Social What?

Image from whatissocialwork.org

Recently, I was contacted by one of my readers who has been contemplating entering  graduate school for Social Work, but was unsure of what direction to pursue because of uncertainty about the options that were available in terms of choosing a career path.

First, thanks for reading my blog, and for taking the time out to contact me.

I think there’s a common misconception out there that Social Work only involves adoptions or removing children from abusive homes . The images I have seen of Social Workers on television and in movies (in mostly negative or antagonistic roles), also suggest that this is the case.

Social Work aims to improve the lives of everyone, with a particularly strong focus on advocating for the most vulnerable and marginalized in society. Children continue to be among the most vulnerable, and working to ensure their protection, safety, and success continues to be a major issue.

In my view however, the reality is that the process of pursuing a degree in Social Work gives those who are passionate about making a positive impact in the lives of others a vast knowledge base about privilege, oppression and social justice, and wide range of skills that they can use to serve humanity in whatever ways they are passionate about whether it be within child protection, or another area of interest.

An MSW is a very adaptable degree, and can enable you to approach whatever work you choose to do through a social justice lens. You can find MSW’s working in law, in student affairs on college campuses, working as community organizers, in politics, in the criminal justice system, in healthcare, and a variety of other areas.

You name it, you can do it with an MSW. You can even teach (which is one of my goals for the future).

One of my driving passions is to work toward improving  intergroup relations and heal tensions between groups while continuing to engage myself in working on my own biases and helping other future social workers to do the same.

Whatever your area of interest might be, specifically if it involves helping people or working for social justice in some way, the process of obtaining an MSW can really help you to develop yourself to be able to take action.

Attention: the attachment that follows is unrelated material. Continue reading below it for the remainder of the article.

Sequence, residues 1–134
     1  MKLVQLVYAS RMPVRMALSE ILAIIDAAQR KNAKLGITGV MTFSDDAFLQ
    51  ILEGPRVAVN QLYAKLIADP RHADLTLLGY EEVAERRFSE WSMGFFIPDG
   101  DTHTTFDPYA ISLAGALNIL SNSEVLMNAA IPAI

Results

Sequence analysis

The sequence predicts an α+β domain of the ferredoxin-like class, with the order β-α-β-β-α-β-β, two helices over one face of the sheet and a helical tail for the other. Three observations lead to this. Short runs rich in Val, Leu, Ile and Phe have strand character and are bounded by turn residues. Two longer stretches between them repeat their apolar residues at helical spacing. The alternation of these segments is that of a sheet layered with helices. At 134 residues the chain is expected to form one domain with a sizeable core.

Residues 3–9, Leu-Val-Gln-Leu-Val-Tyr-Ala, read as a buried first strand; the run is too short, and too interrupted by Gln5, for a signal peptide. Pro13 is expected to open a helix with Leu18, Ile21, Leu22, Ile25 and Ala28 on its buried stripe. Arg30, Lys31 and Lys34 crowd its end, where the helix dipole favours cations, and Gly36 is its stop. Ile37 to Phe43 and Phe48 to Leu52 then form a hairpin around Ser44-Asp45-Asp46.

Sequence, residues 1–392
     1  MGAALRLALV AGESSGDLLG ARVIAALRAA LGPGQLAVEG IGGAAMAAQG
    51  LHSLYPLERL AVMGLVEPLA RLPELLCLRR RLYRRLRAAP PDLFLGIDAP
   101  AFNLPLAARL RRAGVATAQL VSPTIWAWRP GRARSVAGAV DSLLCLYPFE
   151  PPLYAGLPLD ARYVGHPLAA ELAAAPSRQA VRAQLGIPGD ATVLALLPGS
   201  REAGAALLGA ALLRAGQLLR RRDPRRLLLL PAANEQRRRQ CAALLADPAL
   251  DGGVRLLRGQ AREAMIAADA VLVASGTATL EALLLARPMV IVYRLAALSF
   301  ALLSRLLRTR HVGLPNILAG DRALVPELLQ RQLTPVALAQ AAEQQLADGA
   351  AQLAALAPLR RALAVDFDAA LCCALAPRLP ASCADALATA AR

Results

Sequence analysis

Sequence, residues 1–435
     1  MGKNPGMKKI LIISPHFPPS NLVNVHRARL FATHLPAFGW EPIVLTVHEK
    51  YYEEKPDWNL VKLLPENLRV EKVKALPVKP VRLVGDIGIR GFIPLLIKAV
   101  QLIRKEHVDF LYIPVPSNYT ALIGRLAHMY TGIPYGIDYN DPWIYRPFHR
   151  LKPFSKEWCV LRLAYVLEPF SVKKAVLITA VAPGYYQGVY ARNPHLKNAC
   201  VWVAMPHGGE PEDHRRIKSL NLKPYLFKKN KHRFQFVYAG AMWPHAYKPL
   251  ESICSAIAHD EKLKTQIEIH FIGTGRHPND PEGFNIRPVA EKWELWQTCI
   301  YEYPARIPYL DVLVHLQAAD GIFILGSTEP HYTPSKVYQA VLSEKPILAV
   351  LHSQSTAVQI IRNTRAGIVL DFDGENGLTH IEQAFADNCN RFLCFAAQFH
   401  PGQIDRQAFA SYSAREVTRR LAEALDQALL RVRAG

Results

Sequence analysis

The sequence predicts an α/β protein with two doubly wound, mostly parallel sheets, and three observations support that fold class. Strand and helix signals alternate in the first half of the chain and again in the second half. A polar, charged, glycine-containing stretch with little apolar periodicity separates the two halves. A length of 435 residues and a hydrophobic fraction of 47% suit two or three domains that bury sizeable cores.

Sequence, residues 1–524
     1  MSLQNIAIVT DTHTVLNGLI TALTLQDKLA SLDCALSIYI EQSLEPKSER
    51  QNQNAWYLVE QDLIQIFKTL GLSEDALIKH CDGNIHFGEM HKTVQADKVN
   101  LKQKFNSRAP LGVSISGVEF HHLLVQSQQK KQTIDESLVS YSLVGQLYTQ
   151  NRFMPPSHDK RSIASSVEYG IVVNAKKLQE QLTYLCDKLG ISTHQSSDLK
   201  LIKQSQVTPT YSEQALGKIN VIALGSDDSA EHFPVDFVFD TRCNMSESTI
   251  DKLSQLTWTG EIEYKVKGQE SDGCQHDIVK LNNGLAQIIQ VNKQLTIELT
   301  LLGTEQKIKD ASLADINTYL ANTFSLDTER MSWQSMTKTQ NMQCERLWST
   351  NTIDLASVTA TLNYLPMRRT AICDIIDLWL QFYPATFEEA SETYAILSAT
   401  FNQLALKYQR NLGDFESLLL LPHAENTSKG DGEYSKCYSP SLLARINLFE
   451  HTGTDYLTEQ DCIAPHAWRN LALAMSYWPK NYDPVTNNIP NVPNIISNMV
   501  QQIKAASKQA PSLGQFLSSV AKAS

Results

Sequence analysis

I’m wishing you best on the search.

What issues of social justice might you be interested in?

What images of Social Workers have  you seen?

Social Workers: What are some misconceptions that you’ve come across in your work in the field?

Grace & Peace,

From Aspiring Humanitarian, Relando Thompkins, MSW

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I'm a Social Worker, Educator, and Aspiring Humanitarian who is interested in conflict resolution, improving intergroup relations, and building more equitable and inclusive communities. "Notes from an Aspiring Humanitarian" is my blog, where I write about issues of diversity, inclusion, equity, and social justice. By exploring social identities through written word, film & video, and other forms of media, I hope to continue to expand and enrich conversations about social issues that face our society, and to find ways to take social action while encouraging others to do so as well in their own ways.

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3 Responses

  1. I think to most of the public social workers are either working for CPS or they are private therapist. There is this misconception that those are the only two areas we can work in and you see social worker buying into this notion.

    An MSW is a very broad degree but you have to think out side the box and do some research on your own. Schools of social work do very little to inform students about their career options.

    • This is so true Rachel. More work needs to be done to highlight options for students who would wish to practice “nontraditional” Social Work! I’m doing my part here at N.A.H. and I know you do your best over at the Political Social Worker as well. We’ll have to talk about this in more detail sometime, as I think we could both use our platform to move towards this goal.

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